The Real Reason the Fed Slashed Rates

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After much anticipation, the rate cut finally arrived.

And even though investors expected a quarter basis-point reduction, that doesn’t mean they were happy about it following Powell’s announcement.

That’s something you can thank Wall Street for.

In the weeks leading up to yesterday’s FOMC meeting, analysts filled everyone’s heads with visions of a half basis-point rate cut.

It wasn’t likely, they cautioned, but that didn’t stop them from commenting ad nauseum on how wonderful a half point slashing would be.

And so, for most of July, investors got overly excited. Nasdaq stocks were being investigated by the FTC, but bulls didn’t care.

They just kept buying and buying.

Even in the wake of a record-breaking $5 billion fine levied against Facebook.

The stock market seemed downright untouchable. Not even a federal probe could provide sturdy headwinds.

That shouldn’t come as a surprise, though. Since 2008, the only thing the market truly cares about is the Fed and interest rates.

Because bulls want to “have their cake and eat it too”. They want a strong economy AND low rates.

A combination that Fed Chairman Jerome Powell seems happy to provide.

But even then, a rate cut alongside stronger than expected economic indicators (like the consumer confidence index) wasn’t enough to satisfy investors.

Nor did it cause the yield curve to un-invert – a presumed goal that the Fed hopes to achieve by the end of the year.

Instead, it just made things worse.

In the chart above, you can see that 10 year vs. 3 month treasury yield spread actually dropped lower after yesterday’s rate reduction announcement. A yield curve inversion like this has preceded the last three recessions.

To Powell & Co., getting the 10 year vs. 3 month spread out of negative territory seems to be important. Why else would they cut rates if the economy isn’t truly in recession?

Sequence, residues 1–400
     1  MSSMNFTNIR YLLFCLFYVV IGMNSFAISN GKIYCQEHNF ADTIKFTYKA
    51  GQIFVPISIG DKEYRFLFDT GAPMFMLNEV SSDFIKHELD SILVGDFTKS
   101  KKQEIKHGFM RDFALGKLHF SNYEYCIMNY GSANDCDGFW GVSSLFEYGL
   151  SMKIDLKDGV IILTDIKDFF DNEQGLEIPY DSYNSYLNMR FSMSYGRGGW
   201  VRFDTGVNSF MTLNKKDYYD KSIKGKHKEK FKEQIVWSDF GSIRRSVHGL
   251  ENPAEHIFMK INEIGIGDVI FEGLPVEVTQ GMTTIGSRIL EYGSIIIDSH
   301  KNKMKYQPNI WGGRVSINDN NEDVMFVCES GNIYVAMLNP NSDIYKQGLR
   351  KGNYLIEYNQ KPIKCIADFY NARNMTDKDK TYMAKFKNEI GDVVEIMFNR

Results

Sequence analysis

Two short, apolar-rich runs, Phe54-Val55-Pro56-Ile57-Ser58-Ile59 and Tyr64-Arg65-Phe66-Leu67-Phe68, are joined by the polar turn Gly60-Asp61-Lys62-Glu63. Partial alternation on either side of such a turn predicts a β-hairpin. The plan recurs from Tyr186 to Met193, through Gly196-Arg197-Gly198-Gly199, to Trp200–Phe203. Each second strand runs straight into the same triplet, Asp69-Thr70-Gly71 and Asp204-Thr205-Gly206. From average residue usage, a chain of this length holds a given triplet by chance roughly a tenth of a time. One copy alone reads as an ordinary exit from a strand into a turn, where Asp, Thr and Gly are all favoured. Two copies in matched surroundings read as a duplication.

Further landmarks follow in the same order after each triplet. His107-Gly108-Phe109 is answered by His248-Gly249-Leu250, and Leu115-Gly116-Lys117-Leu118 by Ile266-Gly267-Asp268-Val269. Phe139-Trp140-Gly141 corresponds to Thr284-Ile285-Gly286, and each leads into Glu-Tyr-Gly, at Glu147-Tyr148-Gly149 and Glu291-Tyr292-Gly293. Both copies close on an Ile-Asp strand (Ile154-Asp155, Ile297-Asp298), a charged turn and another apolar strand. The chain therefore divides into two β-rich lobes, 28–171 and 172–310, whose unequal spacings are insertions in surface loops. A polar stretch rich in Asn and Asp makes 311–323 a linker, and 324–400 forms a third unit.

Similarly, the 10 year vs. 2 year treasury yield spread dropped as well, albeit not into the negatives.

Still, this isn’t what the Fed had planned. Not even close.

So, if a yield curve un-inversion was the reasoning for yesterday’s rate reduction, then it failed.

Miserably.

But based on what we’re seeing, I don’t think that’s the end of the story.

Powell, despite his flaws, is a highly intelligent and qualified man. He’s got a team of the world’s brightest economists and analysts at his disposal.

More importantly, he’s getting economic information that’s not yet been released to the general public.

In addition to announcing that the Fed would slash rates, Powell also left the door open for another rate cut down the road.

Possibly this year.

If they were going to simply cut rates and be done with it, the Fed would’ve (in my opinion) gone with a half point reduction.

But they didn’t. They reduced rates by a quarter point instead with the intent of potentially rolling out a few more cuts in the near future.

Why?

Because the Fed might know something we don’t; that the United States is already in a recession, or at the very least, extremely close. Powell needs to save ammunition for the coming battle against inflation and contracted growth, so if he slashes rates too much right now, he might not be able to later on.

That’s not to say the Fed is playing with a full deck to begin with, though.

They aren’t. The post-2008 economy saving maneuvers set a dangerous precedent for the Fed, and in the perma-low rate environment that’s existed since, they’ve remained mostly disarmed.

Unable to “fire back” against true economic strife – something we haven’t seen in 11 years.

Did the rate cut work, then? When it comes to yield spreads, absolutely not.

But that’s not all there is to it. This could simply be the first step in a multi-part rate manipulation, all to prevent a prolonged recession.

If that’s true, Powell won’t come out and admit it, though. If he did, the stock market would crumple.

So, he’s playing with his hand close to his chest (as he should). Because if the truth gets out and investors don’t like what they hear, the whole house of cards could come tumbling down.

While an anemic, overweight Fed sits on the sidelines, powerless to stop it.

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